When you take to the woods with nothing but a trophy animal on your mind, I’m sure that you already know quality optics is the key to spending hours behind your glass and finding a trophy of a lifetime. I’m sure that there are many of you out there that feel you are capable of holding your binoculars still enough to do a good job of glassing with ten power binoculars. I still carry mine around my neck, but I have become a major believer in sitting behind my ten power binoculars mounted on a tripod for afternoon and evening glassing sessions. I don’t feel the fatigue of hold my glasses up and I do a much better job of gridding the mountain while I look for trophies. The results have been many more trophies found.

There are a lot of tripods on the market, but there are some that excel above the rest for many reasons. On a recent trip to British Columbia to hunt black bears, we put the Vortex Dakota tripod with the RC128 fluid head to the test. This tripod is a little on the heavy side tipping the scale at 4.5 pounds. Unless you are going to be backpacking a long way and weight is a major concern, I like to have a heavier tripod. The wind has a tendency to blow those lighter tripods around and causes your images to be extremely shaky. This is definitely the case when you put a spotting scope onto the tripod and increase the power. You want the heaviest tripod you can physically carry. The RC128 head is extremely smooth and comes with a one quick release plate which will attach to all of your optics.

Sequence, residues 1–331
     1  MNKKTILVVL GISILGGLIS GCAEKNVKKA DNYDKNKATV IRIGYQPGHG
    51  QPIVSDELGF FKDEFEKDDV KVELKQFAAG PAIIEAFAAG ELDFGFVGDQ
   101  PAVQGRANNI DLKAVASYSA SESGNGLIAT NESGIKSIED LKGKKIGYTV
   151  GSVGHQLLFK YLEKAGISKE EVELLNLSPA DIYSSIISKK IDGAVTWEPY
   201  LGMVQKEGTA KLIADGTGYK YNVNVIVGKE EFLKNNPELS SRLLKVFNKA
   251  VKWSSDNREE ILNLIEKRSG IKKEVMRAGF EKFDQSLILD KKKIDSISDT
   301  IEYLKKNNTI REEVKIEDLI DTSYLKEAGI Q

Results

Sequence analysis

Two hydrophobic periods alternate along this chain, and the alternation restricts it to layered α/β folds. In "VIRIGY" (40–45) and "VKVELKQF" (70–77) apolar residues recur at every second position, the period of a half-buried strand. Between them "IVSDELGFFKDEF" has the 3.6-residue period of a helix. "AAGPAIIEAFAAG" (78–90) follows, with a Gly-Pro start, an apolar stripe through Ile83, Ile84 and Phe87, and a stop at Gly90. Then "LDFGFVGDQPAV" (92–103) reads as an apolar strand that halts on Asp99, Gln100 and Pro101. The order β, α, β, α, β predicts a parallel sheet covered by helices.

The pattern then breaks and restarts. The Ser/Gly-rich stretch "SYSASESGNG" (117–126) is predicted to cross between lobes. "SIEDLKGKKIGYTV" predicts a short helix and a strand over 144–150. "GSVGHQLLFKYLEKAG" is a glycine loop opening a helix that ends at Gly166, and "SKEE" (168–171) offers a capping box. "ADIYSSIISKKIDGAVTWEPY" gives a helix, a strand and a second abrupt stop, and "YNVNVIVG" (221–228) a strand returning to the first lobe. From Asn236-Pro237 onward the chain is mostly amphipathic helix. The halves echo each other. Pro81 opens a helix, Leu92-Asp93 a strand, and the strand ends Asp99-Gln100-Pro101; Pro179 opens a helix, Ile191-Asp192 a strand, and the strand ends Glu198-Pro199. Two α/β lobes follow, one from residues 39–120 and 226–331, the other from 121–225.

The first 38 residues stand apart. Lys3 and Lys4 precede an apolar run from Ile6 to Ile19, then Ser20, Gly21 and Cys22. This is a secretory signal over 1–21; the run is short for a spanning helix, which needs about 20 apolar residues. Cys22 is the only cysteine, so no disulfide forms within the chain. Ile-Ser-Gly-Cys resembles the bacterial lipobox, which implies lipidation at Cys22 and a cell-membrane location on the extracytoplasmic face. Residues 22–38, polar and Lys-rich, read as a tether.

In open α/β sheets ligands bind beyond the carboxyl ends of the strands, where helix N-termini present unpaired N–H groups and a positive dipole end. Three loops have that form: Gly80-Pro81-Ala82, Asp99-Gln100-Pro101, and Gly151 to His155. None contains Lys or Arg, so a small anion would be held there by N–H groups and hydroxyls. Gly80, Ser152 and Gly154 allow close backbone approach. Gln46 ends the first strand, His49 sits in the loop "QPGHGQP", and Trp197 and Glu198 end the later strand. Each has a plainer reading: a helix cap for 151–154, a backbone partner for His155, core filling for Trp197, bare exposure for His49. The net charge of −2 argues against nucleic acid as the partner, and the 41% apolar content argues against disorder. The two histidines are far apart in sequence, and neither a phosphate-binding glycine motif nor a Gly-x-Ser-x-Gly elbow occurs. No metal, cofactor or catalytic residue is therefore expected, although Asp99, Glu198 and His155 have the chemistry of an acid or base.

I do recommend that you get an additional quick release plate which makes changing from your binoculars to your spotting scope a simple task. The leg sections collapse into four different sections which allow you to have a folded unit that has a total length of 24.5 inches in length. When expanded to its’ highest level, it will extend to 65.50 inches high. The collapsible legs are locked into place with a flip type lock which is not only quick, but extremely quiet to operate. Two of the legs are wrapped with high density foam which make the unit quiet to carry and is much warmer to hold onto when the winter temperatures take the plunge. The legs will expand out to many different angles to accommodate nearly any type of terrain you will be glassing from. If you opt to use this tripod for filming as we did, you will be happy to see a level bubble built into the top of the tripod as well as a small compass.

Overall, this tripod is extremely well designed and performed flawlessly on its first hard core field test to British Columbia. It was bounced around the back of a pickup truck on dusty roads for twelve full days and it is still quiet and working at 100 percent.